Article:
When I was thirteen there was a poster next to my bed with a cat hanging onto a rope by its claws. The mantra below the photo was pretty classic — “When you get to the end of your rope, tie a knot and hang on.”
Hanging on to what feels like world’s end is relatively easy to do if there’s a rope to hang on to. For many non-traditional high school students enrolled at Jefferson High School (JHS), one of Greeley, Colorado’s alternative high schools, the prevailing sense is they have no rope.
Greeley Area Habitat for Humanity (GAHFH) has developed a cutting edge model for these students — the first of its kind in Habitat affiliates across the country — that not only provides a rope — it gives them something to anchor that rope to, climb back up onto the windowsill and look out.
GAHFH hopes JHS’s Construction Management Pathway curriculum will encourage students to open the window, as well.
The project is a collaborative brainchild developed up on a roof.
It only makes sense that a collaboration between Andy Phelps, GAHFH Construction Director, and Patrick Molinari, Discovery teacher at JHS, was the result of their hands-on teamwork nailing a roof on a local Habitat home.
Phelps has spent the past eleven years at GAHFH, overseeing day-to-day operations, coordinating sub-contractors, maintaining a good relationship with the Greeley City Council and working with the organization’s approximately 200 volunteers to build five new homes a year for low-income families. He has a crew of regulars — five retirees over age 65 — and the rest are younger.
When you’re up on a roof, a lot of thoughts seem to get shared with other team members, and for Phelps, a recurring topic of conversation is kids and how to raise them to be conscientious members of society. “With kids,” he told me, “you just have to keep throwing stuff at them and hope something sticks.”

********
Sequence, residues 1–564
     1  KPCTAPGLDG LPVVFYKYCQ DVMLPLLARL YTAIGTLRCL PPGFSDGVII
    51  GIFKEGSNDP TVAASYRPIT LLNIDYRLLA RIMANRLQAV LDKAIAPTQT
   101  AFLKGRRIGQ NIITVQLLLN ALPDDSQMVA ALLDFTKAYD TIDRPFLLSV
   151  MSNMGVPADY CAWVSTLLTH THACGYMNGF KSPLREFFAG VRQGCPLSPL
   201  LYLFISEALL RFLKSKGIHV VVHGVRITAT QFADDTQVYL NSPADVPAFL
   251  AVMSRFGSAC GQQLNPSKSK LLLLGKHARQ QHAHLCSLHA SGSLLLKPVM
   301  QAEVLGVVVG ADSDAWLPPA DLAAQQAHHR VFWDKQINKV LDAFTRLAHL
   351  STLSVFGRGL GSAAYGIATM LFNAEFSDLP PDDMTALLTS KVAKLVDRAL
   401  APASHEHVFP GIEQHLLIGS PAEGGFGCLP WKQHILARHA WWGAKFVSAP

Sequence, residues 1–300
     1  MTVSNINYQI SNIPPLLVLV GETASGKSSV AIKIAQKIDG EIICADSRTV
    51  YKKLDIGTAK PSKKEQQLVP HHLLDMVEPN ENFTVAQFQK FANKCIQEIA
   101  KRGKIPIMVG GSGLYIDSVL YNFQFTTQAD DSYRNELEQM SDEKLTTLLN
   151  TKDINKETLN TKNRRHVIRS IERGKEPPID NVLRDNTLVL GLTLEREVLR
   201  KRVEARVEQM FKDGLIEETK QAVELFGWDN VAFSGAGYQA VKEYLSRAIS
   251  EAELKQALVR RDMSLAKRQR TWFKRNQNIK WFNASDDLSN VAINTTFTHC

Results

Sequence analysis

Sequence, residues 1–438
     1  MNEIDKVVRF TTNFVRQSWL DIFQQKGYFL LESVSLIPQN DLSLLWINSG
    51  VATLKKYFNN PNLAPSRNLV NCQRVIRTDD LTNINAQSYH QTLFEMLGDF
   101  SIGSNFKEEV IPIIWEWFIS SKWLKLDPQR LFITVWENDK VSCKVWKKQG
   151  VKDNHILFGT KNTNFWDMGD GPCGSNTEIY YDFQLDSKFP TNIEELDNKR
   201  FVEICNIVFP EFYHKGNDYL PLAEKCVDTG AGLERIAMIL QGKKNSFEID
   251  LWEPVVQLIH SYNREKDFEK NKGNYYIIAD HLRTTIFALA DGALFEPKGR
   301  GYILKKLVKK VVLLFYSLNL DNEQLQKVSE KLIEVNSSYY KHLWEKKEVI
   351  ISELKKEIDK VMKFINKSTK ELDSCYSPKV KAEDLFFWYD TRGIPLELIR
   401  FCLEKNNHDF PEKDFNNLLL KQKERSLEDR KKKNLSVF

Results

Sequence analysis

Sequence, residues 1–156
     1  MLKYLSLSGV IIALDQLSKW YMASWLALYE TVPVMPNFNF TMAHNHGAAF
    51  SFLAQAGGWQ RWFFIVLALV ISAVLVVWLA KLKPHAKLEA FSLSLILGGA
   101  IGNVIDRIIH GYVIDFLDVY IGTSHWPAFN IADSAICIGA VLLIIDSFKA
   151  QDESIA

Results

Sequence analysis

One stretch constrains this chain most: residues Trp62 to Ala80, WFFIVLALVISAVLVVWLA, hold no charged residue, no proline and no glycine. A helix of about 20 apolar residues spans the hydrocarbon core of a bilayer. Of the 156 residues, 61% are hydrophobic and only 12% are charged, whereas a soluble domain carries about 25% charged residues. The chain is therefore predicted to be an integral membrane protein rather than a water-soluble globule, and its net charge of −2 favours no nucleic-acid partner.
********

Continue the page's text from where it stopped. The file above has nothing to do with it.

The ‘stuff’ he is talking about are opportunities.
“The kids at JHS often feel as if nobody cares. They stop trying. But if you give them ideas, something in which they might take an interest,” says Phelps, “maybe it’ll be 20 kids, maybe only two who latch on, you’re doing something right.”
The Construction Management Pathway at JHS is precisely that opportunity.
Beginning August 2016, thirty JHS students ages 15-19 will build a house for GAHFH from the foundation up to the roof. Three days a week students will gain technical skills as they learn how to build a home and help a family in need. JHS Construction Management Pathway teacher, Matt Weber, explained that in partnering with Aims Community College, students will take Math 108, a course teaching technical and trade-specific math skills like angles, how to calculate square footage and the volume of concrete they’ll need to pour a foundation. In addition to technical math skills, students will be taught CAD 224, the Revit Architecture software program for computer animated design, where they will learn to create 2-D and 3-D computer models. They’ll learn how to calculate material costs, be exposed to scheduling and appraisal processes, and build scale models from balsa wood.
They will also earn 7 college credits.
It’s a rare opportunity for these high school students, 70% of whom are Hispanic and 90% partake of the free-and-reduced lunch program. To them, the future looks bleak. Instead, they will earn life experience, working with the purchasing family for at least three days on site, framing, painting and installing siding. Working with expert subs, they’ll set forms to pour the foundation, and can watch licensed contractors — electricians, plumbers, HVAC — gaining additional learning opportunities. They will play a part in change and growth.